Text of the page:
Dec. 3, 2010 -- Smoking rates are high among young people with diabetes, and many teens and young adults with the condition report never being asked about their smoking habits or advised by their doctors to stop, according to a new federally supported study.
Diabetes and smoking are both risk factors for cardiovascular disease. The national study looked at the presence of risk factors for cardiovascular disease among young people who had either type 1 or type 2 diabetes and whether they smoked.
Researchers led by Kristi Reynolds, PhD, MPH, an investigator from Kaiser Permanente, found that teenagers who had type 1 diabetes and smoked were more likely to be physically inactive and have higher triglycerides for cardiovascular disease, both risk factors for cardiovascular disease. Among their other findings:
Tobacco use increased with age. Among the study group with type 1 diabetes, smoking prevalence was 2.7% among those aged 10 to 14; 17.1% among those aged 15 to 19; and 34% of those aged 20 and older.
Tobacco use also steadily increased with age among those with type 2 diabetes and prevalence was 5.5% among those aged 10 to 14; 16.4% among those aged 15 to 19; and 40.3% among those aged 20 and older.
Ten percent of youths with type 1 diabetes and 15.7% of those with type 2 diabetes were using some form of tobacco at the time of the study.
Among the group with type 1 diabetes, 30.4% of 10- to 14-year-olds, 68.3% of 15- to 19-year-olds, and 84.7% of young adults 20 and older reported being asked by their health care provider whether they smoked or used tobacco products.
Among the group with type 2 diabetes, 47.2% of 10- to 14-year-olds, 51.8% of 15- to 19-year-olds, and 57.4% of young adults 20 and older reported being asked about tobacco use.
Overall, smoking among young diabetes patients was more common among those living in households with family annual incomes of $50,000 or less.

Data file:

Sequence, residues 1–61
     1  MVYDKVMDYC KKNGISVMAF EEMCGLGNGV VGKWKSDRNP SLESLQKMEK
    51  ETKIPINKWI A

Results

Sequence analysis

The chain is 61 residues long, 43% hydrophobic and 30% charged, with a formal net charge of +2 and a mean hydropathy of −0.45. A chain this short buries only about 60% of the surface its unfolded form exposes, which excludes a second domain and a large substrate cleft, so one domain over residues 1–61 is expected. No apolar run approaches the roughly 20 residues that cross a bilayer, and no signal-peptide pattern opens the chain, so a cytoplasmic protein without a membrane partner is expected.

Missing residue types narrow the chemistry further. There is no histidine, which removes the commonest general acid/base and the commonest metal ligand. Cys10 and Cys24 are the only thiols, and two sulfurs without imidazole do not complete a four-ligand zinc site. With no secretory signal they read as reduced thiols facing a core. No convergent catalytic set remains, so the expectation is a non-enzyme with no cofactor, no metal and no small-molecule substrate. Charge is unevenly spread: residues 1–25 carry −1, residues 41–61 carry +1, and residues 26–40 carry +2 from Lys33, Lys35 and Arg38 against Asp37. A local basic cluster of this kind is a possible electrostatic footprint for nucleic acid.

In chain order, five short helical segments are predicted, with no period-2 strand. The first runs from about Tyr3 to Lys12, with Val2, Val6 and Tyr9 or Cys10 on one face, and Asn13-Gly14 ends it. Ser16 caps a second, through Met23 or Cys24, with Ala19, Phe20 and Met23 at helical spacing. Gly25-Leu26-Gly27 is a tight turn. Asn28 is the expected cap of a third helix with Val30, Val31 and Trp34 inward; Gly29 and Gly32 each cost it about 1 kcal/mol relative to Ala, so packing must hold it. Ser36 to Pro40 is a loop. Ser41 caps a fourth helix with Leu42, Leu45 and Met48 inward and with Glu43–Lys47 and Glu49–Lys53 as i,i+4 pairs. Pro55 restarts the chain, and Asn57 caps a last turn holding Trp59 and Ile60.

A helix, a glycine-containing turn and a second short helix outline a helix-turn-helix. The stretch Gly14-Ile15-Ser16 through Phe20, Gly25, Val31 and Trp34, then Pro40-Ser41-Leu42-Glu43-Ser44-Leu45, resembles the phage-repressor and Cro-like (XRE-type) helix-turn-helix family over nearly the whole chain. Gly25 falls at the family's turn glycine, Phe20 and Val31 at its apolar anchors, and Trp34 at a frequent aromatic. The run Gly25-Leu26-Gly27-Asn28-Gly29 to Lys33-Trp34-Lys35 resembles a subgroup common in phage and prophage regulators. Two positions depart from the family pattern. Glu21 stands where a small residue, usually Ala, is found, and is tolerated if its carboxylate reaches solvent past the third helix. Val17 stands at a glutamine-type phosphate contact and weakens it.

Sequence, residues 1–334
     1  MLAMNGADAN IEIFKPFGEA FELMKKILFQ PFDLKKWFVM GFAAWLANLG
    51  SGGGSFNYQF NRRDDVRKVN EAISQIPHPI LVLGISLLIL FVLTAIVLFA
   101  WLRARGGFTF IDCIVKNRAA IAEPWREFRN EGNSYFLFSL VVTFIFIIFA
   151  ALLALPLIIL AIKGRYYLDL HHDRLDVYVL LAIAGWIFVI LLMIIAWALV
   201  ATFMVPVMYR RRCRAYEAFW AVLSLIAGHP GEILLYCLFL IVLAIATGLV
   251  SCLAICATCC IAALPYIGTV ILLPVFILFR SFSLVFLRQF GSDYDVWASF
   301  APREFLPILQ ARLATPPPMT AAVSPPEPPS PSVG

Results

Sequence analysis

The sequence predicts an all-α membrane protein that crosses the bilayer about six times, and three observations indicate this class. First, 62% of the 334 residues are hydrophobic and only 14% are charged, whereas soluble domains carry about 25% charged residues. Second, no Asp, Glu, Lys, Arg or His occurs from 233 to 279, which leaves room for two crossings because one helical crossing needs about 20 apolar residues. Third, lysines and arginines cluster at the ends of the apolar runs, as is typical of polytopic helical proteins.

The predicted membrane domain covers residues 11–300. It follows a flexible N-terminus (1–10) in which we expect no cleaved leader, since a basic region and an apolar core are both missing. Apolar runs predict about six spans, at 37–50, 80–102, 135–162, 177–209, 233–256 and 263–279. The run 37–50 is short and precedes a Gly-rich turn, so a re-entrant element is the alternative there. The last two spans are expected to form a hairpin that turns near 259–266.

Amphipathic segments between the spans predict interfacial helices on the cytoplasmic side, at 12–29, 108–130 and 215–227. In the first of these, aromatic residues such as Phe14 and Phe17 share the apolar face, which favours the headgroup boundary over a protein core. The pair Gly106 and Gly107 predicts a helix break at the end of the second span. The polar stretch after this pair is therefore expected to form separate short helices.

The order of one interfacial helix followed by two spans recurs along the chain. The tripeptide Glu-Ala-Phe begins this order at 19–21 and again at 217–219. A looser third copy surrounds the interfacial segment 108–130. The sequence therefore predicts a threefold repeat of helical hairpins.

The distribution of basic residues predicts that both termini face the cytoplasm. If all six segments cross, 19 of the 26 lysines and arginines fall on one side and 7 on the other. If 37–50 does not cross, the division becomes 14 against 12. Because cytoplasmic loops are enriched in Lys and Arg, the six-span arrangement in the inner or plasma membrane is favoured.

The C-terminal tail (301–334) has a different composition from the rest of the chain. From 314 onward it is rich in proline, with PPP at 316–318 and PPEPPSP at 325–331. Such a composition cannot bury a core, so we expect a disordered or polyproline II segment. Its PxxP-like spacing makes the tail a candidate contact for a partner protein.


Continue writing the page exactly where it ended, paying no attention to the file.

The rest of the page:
Smoking was more common among Native Americans and least common among Asian-Pacific Islanders.
Past and current smokers who had type 1 diabetes had significantly poorer cardiometabolic profiles -- such as higher triglycerides and blood pressure -- than diabetes patients who were nonsmokers.
Get the latest Diabetes newsletter delivered to your inbox!
Your level is currently
If the level is below 70 or you are experiencing symptoms such as shaking, sweating or difficulty thinking, you will need to raise the number immediately. A quick solution is to eat a few pieces of hard candy or 1 tablespoon of sugar or honey. Recheck your numbers again in 15 minutes to see if the number has gone up. If not, repeat the steps above or call your doctor.
People who experience hypoglycemia several times in a week should call their health care provider. It's important to monitor your levels each day so you can make sure your numbers are within the range. If you are pregnant always consult with your health care provider.
Congratulations on taking steps to manage your health.
However, it's important to continue to track your numbers so that you can make lifestyle changes if needed. If you are pregnant always consult with your physician.
Your level is high if this reading was taken before eating. Aim for 70-130 before meals and less than 180 two hours after meals.
Even if your number is high, it's not too late for you to take control of your health and lower your blood sugar.
One of the first steps is to monitor your levels each day. If you are pregnant always consult with your physician.
Thank you for signing up for the WebMD Diabetes Newsletter!
You'll find tips and tricks as well as the latest news and research on Diabetes.
Did You Know Your Lifestyle Choices
Affect Your Blood Sugar?
Use the Blood Glucose Tracker to monitor
how well you manage your blood sugar over time.